But Millions of Americans Will Suffer: When the government shut down for 16 days in 2013:
- Veterans with disabilities had to wait two weeks for their benefits.
- Taxpayers didn’t get $4 billion in refunds for two weeks.
- National parks and monuments closed.
- Cancer patients couldn’t get clinical trials at the National Institutes for Health.
- The Environmental Protection Administration stopped inspecting 1,200 sites, including drinking water systems, hazardous waste facilities and chemical plants.
- The Food and Drug Administration postponed almost 500 food inspections.
Economy Would Take a Hit: S&P Global analysts predict a shutdown will cost the economy about $6.5 billion a week because furloughed federal workers (850,000 in 2013) won’t have paychecks to spend. S&P expects that, as in 2013, the economic slowdown will cost more than 100,000 private sector jobs that would have been created.
If you worked for a company for 20 or 30 years, you used to expect a secure and livable pension.
Now that dream is dying for most private-sector workers.
Only 25 years ago, at large and medium-sized companies, about 60 percent of fulltime workers had pension plans. Now, only about a quarter can count on retirement security.
There’s been a big shift from traditional “defined benefit” plans, with guaranteed incomes for retirees, to “defined contribution” plans, such as 401(k)s, which require workers to risk their retirements on the roller-coaster of Wall Street, without any guaranteed benefits.
Working Americans and retirees are suffering from the decline in good-paying, full-time, union-represented jobs. Even now, 90 percent of union workers participate in some kind of retirement plan, compared to 75 percent of unrepresented workers. And 74 percent of union workers — but only 15 percent of unrepresented employee — enjoy “defined benefit” plans.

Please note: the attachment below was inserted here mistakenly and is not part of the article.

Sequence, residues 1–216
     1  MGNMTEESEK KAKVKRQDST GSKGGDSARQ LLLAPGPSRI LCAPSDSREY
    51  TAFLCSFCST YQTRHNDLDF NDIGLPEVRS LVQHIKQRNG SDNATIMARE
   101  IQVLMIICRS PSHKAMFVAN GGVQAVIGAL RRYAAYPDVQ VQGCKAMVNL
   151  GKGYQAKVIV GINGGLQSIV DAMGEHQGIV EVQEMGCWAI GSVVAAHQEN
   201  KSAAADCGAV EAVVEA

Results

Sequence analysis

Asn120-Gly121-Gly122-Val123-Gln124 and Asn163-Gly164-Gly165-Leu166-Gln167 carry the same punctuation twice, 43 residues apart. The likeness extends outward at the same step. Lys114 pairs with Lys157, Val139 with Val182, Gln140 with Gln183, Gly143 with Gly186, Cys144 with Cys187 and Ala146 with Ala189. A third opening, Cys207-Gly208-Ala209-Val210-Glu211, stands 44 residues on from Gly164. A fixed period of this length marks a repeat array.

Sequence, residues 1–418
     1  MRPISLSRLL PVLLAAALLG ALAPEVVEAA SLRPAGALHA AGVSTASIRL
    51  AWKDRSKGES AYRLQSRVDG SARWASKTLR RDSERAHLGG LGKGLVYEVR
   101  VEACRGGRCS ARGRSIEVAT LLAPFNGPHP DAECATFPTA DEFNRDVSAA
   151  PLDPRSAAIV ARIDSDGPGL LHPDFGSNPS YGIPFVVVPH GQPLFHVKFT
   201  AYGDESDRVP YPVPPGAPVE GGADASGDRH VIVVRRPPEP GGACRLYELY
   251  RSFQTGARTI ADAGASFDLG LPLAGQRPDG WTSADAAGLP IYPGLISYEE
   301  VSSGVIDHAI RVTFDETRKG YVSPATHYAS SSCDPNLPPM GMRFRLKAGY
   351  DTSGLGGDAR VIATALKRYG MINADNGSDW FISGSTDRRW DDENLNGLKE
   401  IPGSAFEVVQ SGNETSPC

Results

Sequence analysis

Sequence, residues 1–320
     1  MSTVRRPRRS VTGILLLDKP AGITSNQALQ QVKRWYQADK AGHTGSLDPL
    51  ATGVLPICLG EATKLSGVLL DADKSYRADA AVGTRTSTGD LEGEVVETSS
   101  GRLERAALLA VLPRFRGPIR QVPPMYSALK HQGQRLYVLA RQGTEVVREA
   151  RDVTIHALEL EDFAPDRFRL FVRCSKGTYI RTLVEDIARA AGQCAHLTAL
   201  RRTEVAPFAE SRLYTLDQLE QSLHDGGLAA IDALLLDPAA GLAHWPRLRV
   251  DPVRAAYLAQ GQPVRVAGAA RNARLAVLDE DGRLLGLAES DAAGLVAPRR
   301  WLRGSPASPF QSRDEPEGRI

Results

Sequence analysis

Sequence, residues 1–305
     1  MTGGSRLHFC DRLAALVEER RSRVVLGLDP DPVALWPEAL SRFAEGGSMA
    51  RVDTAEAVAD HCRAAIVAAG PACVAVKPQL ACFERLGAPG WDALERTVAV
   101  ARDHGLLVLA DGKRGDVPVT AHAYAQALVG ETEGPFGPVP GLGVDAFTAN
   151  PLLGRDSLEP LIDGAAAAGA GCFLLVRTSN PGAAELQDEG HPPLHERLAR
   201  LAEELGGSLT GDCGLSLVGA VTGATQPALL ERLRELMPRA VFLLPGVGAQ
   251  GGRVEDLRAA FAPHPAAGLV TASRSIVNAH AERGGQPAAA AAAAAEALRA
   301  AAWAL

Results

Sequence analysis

A study of 998 workers who were laid off from the shuttered McDonnell Douglas plant in Tulsa, OK, found most had to work at low-wage, often back-breaking jobs, well-past retirement age, often buried by debts. One 79-year-old man with spinal disease still works full-time as a “greeter” at Wal-Mart.
Fighting for Social Security & Medicare
When planning retirement, working Americans used to rely on a “three-legged stool”: employer pensions, their own savings and Social Security.
Now, all three legs are shaky: Private-sector pensions are dwindling. Meanwhile, almost half of all families with working-age adults don’t have any retirement savings.
That’s why, without Social Security benefits, more than 22 million older Americans would plunge into poverty. And Social Security benefits are bare-bones at best, averaging only about $1,360 a month — $16,300 a year.
With the Trump tax cuts for big business and the super-rich adding at least $1 trillion to the federal deficit, Congressional Republicans are threatening to slash Social Security and Medicare.
We can’t let them cut the last lifeline for Americans who have worked hard and deserve dignified retirements.